Using six different cultured cell models representing osteoblast, intestine, kidney and keratinocyte, we have demonstrated that 1α, 25-dihydroxyvitamin D3 (1α, 25(OH)2D3) is metabolized into 3-epi-1α, 25(OH)2D3 in vitamin D-target cells. Although differences existed in the amount of 3-epi-1α, 25(OH)2D3 formed with different cell types, it was apparent that 1α, 25(OH)2D3 was subjected to metabolism both through the C24-oxidation and 3-epimerization pathways. Time course and dose response studies showed that the production of 3-epi-1α, 25(OH)2D3 was enzymatic. It is interesting to note that this epimerization proceeded from 3β towards 3α unidirectionally, and this conversion was not inhibited by ketoconazole. These data suggest that cytochrome P450 related enzymes including the 24-hydroxylase would not affect this reaction. The biological activity of 3-epi-1α, 25(OH)2D3 was found to be lower than the native 1α, 25(OH)2D3 in suppressing of proliferation of HL-60 cells, while the affinity of 3-epi-1α, 25(OH)2D3 for vitamin D-binding protein was 2.5-fold higher than that of 1α, 25(OH)2D3. The results indicate that 3-epimerization may change the pharmacokinetics and catabolism of 1α, 25(OH)2D3 in vitamin D-target cells.
The addition of lipopolysaccharide (LPS) together with cycloheximide (CHX) induced apoptosis in a subline of a J774.1 macrophage-like cell line, JA-4, as judged by terminal deoxynucleotidyl transferase (TdT)-mediated deoxyuridine triphosphate (dUTP) nick and labeling (TUNEL)-staining and poly(adenosine 5'-diphosphate(ADP)-ribose) polymerase (PARP)-cleavage. Caspase activities were examined in these macrophages in vitro using fluorogenic substrates such as acetyl-DEVD-aminomethyl coumarine (Ac-DEVD-AMC, caspase-3-like), acetyl-YVAD-aminomethyl coumarine (Ac-YVAD-AMC, caspase-1-like), acetyl-VEID-aminomethyl coumarine(Ac-VEID-AMC, caspase-6-like), and carbobenzoxy-IETD-aminofluoro coumarine (Z-IETD-AFC; caspase-8-like). Kinetic studies revealed these caspase activities with different Km and Vmax values in extracts of apoptotic macrophages. In the course of apoptosis, caspase-3-like activity increased first at 75 min, simultaneously with the appearance of TUNEL staining and prior to PARP cleavage, and then caspase-6 and 8-like activities increased at 90 and 105 min, respectively. However, caspase-1-like activity did not change throughout the experiment. Furthermore, removal of LPS and CHX by extensive washing of the cells for 60 min completely abolished the apoptosis and the subsequent release of lactate dehydrogenase (LDH) during additional incubation until 4 h after LPS addition. However, washing of the cells after 75 min or later resulted in the progress of apoptosis and LDH release, which was coordinated with the elevation of caspase-3-like activity at 60 min and that of caspase-6 or 8-like activity at 90 min, but not with that of caspase-1-like activity. These results suggest that caspase-3-like activity represents the most apical caspase among these caspases in terms of the intiation of apoptosis in macrophages treated with LPS and CHX.In the present study, we also provide evidence on the relatively low specificities of a series of caspase inhibitors other than acetyl-DEVD-aldehyde (Ac-DEVD-CHO) which specifically inhibited the caspase-3-like activity.
Two metallothionein cDNAs (MT-A and MT-B) in the fresh-water fish crucian carp (Carassius cuvieri TEMMINCK et SCHLEGEL) were cloned. Sequence analysis of both cDNAs gave the structure of a coding region corresponding to 60 amino acid residues. The homology of their deduced amino acid sequences was completely conserved at the positions of the cysteine residue, but a significant difference existed in the size of their 3'-untrans-lated regions (130 base pairs for MT-A and 280 base pairs for MT-B). Direct amino acid sequencing of the MT-II isoform purified by HPLC was accomplished for up to 30 residues and its sequence was identical to that deduced from MT-B cDNA. This is the first case in vertebrates that N-terminal methionine in crucian carp MT-II was not blocked. By northern blot analysis, basal and cadmium chloride- or dexamethasone-induced MT-B (MT-II) mRNAs were detected time dependently after treatment. On the other hand, the expression of MT-A mRNA was extremely low. These results indicate that the MT isoform II in crucian carp is coded by the MT-B gene, and that the MT-B-dominant expression of mRNA in crucian carp may be due to the difference in the 3'-untranslated regions of MT mRNAs.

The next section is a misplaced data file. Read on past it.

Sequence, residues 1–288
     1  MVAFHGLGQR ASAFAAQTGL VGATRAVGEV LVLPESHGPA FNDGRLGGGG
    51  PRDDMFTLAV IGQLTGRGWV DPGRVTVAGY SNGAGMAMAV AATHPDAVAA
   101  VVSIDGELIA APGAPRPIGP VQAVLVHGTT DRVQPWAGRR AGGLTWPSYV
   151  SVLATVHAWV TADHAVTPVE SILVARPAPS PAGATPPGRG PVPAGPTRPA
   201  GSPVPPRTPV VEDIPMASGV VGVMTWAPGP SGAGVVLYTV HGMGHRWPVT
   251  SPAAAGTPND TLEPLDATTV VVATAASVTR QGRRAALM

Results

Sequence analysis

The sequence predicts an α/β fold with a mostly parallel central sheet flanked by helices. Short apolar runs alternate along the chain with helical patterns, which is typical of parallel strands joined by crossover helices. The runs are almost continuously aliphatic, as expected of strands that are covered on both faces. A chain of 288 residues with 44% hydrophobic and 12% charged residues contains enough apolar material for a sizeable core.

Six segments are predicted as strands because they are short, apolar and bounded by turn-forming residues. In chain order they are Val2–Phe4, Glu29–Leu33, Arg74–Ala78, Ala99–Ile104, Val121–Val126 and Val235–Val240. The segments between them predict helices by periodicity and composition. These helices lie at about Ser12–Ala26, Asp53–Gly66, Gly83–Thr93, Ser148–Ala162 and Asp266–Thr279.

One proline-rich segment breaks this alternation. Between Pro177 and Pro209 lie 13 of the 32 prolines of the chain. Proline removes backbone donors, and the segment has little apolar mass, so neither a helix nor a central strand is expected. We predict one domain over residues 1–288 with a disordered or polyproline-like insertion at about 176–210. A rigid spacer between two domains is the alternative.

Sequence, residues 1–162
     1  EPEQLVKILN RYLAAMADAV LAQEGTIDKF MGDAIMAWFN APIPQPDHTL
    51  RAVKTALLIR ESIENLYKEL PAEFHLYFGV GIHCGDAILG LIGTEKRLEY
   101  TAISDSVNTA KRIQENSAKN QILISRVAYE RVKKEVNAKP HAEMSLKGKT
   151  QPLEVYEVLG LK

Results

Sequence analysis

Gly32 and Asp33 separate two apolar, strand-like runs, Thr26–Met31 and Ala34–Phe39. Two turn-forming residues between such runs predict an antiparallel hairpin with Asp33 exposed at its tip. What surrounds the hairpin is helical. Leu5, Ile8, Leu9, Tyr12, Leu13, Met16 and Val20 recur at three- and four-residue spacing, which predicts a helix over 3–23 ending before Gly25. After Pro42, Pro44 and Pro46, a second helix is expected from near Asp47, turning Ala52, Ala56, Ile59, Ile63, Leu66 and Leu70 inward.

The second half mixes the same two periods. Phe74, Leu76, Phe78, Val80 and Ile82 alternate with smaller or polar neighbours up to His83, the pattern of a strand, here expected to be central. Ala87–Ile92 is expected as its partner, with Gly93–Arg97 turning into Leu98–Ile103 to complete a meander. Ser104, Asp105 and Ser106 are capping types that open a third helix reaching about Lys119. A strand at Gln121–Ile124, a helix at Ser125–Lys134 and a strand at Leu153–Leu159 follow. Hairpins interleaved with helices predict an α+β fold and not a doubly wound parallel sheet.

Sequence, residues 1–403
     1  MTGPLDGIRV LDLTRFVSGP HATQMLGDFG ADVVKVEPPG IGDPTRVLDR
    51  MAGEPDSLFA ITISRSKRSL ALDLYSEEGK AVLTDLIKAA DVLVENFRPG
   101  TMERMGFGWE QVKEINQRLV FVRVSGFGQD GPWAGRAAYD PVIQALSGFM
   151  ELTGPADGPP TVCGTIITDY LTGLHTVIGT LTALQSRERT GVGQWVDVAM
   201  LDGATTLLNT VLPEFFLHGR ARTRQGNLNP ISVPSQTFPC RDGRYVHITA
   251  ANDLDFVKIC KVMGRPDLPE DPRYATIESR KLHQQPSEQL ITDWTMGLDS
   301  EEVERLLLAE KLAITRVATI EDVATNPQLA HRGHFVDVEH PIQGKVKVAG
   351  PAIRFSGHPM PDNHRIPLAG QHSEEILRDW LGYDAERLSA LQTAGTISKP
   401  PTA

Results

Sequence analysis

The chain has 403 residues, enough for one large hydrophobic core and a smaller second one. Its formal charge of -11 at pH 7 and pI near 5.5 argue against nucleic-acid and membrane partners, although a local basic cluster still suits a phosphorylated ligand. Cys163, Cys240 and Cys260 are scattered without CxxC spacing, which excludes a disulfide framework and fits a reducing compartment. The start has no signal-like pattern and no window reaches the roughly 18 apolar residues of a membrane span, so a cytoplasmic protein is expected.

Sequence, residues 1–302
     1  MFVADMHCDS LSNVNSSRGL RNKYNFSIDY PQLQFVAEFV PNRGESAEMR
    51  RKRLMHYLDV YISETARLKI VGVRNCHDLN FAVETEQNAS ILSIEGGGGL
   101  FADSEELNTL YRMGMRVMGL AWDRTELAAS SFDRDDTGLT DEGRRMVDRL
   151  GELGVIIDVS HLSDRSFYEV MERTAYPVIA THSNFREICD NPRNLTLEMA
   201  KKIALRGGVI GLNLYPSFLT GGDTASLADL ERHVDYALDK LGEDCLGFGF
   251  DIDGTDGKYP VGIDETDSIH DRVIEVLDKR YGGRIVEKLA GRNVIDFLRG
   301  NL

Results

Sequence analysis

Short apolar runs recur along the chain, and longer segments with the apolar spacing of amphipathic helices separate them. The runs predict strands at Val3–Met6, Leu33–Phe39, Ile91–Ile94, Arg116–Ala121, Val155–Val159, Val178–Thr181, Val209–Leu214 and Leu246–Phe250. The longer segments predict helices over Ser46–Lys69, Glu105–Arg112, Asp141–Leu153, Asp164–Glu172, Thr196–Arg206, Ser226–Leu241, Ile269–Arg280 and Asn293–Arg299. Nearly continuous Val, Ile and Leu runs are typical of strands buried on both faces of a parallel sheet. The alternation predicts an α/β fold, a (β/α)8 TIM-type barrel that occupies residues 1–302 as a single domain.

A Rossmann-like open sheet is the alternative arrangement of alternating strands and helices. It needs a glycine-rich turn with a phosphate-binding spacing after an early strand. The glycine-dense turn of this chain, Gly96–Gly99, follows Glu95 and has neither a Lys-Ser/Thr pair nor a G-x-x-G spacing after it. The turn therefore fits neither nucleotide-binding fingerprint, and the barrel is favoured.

Eubacterium sp. GLH possessing glycyrrhizin (GL) and glycyrrhetic acid mono-glucuronide (GAMG) β-D-glucuronidases, Ruminococcus sp. PO1-3 possessing GL and GAMG β-D-glucuronidases and 3β-hydroxysteroid dehydrogenase and these mixed bacteria were cultured in GAM medium with and without GL, GAMG or both. GL added to Eubacterium sp. GLH accelerated the peaks of enhanced GL β-D-glucuronidase activity and suppressed GAMG β-D-glucuronidase activity, and GAMG delayed the peaks of the enhanced growth with GL and GAMG β-D-glucuronidase activities. GL added to Ruminococcus sp. PO1-3 enhanced gradually the growth with GL and GAMG β-D-glucuronidase activities, and GAMG enhanced slowly GL β-D-glucuronidase activity and rapidly the growth with GAMG β-D-glucuronidase activity. The metabolite glycyrrhetic acid (GA) was produced by Eubacterium sp. GLH and Ruminococcus sp. PO1-3 in larger amounts and faster from GAMG than from GL.GL(1.0 mM) and 1.0 mM GAMG added to these mixed bacteria enhanced the growth with GL and GAMG β-D-glucuronidase activities and were metabolized almost completely to GA in culture of 2 d and 1 d, respectively. It was found that the metabolism of GAMG was faster than that of GL.GL with GAMG added to mixed Eubacterium sp. GLH and Ruminococcus sp. PO1-3 cultured for 0 and 1 d led to a lower level of these enzyme activities and the consumption of GAMG more quickly, not GL. Low GAMG β-D-glucuronidase had the ability to hydrolyze GAMG well.